However, U.S.D. No. 231 has cited a case from another jurisdiction that is more closely on point. In Coleman v. City of Pikeville, 994 S.W.2d 524 (Ky. App. 1999), the Kentucky Court of Appeals construed a statute similar to K.S.A. 2008 Supp. 72-8212a(a) and held that the statute did not apply when property was sold by contract under threat of condemnation. The landowner in Coleman sold property by contract to a local urban renewal agency which had threatened condemnation if the landowner refused to sell. The agency subsequently deeded the land to the City of Pikeville (City). Under the Kentucky statute, a party acquiring property through condemnation must begin to develop the property for the purpose for which it was condemned within 8 years or the landowner is entitled to repurchase the property at the price paid through condemnation. See Ky. Rev. Stat. § 416.670(1). When it appeared that the property was not being developed after 8 years, the landowner's successors in interest sued the City, claiming a right to repurchase the property under the condemnation statute. However, the court held that the condemnation statute was inapplicable because the property was not condemned but had been sold by agreement. 994 S.W.2d at 526.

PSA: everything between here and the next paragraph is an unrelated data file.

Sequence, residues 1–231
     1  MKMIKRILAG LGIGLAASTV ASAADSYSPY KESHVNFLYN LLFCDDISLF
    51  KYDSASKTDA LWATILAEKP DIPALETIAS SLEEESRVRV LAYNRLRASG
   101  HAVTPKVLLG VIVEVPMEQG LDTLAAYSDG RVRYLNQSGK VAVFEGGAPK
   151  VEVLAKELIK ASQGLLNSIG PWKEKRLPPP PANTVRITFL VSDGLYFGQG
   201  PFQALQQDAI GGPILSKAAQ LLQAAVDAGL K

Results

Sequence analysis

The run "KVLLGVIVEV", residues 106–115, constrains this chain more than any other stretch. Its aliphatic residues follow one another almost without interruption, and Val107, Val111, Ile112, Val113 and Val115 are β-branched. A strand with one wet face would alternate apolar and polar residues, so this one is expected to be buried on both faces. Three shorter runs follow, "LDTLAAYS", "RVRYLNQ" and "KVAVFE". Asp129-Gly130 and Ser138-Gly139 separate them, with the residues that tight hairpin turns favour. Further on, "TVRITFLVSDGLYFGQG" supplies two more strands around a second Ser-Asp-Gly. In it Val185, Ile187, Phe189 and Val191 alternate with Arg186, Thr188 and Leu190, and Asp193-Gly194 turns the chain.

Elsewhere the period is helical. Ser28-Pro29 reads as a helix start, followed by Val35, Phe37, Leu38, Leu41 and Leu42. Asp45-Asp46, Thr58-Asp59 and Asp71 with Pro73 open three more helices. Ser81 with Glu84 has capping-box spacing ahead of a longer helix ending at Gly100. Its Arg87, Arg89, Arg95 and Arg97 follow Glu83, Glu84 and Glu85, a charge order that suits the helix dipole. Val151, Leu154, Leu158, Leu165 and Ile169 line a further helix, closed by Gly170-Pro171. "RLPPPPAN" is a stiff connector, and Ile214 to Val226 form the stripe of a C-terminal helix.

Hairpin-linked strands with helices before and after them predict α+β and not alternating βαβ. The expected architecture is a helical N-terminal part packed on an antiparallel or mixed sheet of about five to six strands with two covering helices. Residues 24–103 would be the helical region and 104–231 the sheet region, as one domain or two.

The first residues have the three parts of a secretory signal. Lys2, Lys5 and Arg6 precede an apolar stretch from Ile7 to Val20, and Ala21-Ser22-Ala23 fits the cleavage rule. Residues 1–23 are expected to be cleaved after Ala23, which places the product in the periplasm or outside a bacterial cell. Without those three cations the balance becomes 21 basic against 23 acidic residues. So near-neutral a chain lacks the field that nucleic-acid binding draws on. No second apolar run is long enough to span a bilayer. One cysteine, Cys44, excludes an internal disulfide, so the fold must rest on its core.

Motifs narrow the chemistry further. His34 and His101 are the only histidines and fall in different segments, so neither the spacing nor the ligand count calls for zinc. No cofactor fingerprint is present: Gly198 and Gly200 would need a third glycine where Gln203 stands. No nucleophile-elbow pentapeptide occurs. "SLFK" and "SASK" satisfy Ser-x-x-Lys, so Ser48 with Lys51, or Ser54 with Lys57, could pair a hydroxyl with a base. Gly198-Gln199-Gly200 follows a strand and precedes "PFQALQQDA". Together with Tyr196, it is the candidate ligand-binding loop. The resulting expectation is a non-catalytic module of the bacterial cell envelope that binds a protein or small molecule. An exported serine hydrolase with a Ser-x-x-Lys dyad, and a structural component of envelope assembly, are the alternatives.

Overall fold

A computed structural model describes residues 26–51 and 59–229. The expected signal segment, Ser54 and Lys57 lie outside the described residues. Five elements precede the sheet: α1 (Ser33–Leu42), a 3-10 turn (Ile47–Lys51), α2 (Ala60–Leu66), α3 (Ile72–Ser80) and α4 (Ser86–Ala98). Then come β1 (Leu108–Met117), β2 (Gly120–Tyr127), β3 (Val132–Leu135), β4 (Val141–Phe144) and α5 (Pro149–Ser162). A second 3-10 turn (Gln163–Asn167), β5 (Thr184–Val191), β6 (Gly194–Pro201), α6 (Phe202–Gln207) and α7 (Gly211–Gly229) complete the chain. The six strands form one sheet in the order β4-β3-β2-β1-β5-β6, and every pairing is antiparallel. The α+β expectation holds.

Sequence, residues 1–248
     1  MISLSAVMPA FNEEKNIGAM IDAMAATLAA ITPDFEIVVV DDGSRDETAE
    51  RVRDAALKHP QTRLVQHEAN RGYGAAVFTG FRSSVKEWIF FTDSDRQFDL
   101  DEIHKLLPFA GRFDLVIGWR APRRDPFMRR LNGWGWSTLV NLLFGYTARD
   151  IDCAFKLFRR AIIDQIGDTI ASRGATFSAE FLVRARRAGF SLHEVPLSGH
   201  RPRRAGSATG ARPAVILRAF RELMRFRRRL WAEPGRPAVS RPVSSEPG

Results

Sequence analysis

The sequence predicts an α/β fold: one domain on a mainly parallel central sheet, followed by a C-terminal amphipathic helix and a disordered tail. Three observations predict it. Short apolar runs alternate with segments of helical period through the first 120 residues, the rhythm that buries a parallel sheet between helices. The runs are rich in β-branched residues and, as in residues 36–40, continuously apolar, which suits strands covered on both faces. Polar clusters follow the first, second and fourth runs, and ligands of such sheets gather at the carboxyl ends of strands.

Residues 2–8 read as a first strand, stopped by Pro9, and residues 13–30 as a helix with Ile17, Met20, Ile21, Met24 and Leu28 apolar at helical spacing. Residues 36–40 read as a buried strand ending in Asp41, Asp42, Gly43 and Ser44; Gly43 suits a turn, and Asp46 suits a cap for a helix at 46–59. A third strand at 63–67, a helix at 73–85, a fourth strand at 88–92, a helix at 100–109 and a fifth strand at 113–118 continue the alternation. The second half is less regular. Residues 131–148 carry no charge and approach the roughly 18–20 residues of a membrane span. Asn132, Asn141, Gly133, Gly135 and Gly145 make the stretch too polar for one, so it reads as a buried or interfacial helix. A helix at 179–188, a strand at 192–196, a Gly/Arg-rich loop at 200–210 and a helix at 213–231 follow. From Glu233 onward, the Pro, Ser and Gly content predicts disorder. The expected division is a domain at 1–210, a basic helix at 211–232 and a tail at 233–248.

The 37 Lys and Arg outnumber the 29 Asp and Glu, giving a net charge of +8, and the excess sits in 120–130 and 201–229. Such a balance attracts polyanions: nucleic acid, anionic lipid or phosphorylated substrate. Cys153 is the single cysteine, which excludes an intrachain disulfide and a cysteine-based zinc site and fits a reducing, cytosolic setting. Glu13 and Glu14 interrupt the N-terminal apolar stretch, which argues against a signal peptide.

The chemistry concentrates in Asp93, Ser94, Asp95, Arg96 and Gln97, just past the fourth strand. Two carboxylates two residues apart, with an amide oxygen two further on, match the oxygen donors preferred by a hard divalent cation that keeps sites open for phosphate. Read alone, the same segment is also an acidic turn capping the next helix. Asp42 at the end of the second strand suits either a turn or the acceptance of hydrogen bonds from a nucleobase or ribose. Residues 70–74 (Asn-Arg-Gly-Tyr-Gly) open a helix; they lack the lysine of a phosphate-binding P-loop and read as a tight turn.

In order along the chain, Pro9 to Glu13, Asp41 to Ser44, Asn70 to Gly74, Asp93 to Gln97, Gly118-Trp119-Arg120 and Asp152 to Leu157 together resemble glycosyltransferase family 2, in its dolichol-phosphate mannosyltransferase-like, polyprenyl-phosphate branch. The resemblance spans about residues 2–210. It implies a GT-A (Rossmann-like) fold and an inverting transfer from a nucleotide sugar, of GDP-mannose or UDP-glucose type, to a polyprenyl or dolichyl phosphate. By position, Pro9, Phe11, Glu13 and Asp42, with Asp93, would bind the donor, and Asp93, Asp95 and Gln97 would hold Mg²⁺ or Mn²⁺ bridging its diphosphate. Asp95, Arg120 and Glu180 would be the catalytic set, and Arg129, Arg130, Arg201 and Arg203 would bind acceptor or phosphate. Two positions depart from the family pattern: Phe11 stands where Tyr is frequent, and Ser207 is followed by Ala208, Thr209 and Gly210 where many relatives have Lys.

In order to determine whether K.S.A. 2008 Supp. 72-8212a(a) is applicable to the transaction between plaintiffs and U.S.D. No. 231, we must briefly review the statutory framework under the Eminent Domain Procedure Act, K.S.A. 26-501 et seq. Under K.S.A. 2008 Supp. 26-501(b), a public entity wishing to acquire real estate files a petition in the district court of the county where the land is located. The district court then appoints three disinterested residents of the county where the land is located to appraise the value of the property at issue. K.S.A. 2008 Supp. 26-504. After the appraisers view the property and take testimony at a public hearing, they file a report with the district court, establishing the compensation due to the owner of the affected property. K.S.A. 2008 Supp. 26-505. The condemning authority then has 30 days in which to pay the award into court. Failure to pay the award within the 30 days results in an abandonment of the condemnation. K.S.A. 2008 Supp. 26-507.

Assuming the condemning authority pays the appraisers' award into court, the second step of the condemnation process is then triggered. K.S.A. 2008 Supp. 26-508 states that either party may appeal from the appraisers' award, and if such an appeal is filed, the district court clerk dockets the appeal as a "new civil action." The district court then conducts a trial de novo to determine the compensation to be given to the owner of the land. K.S.A. 26-511(a) provides: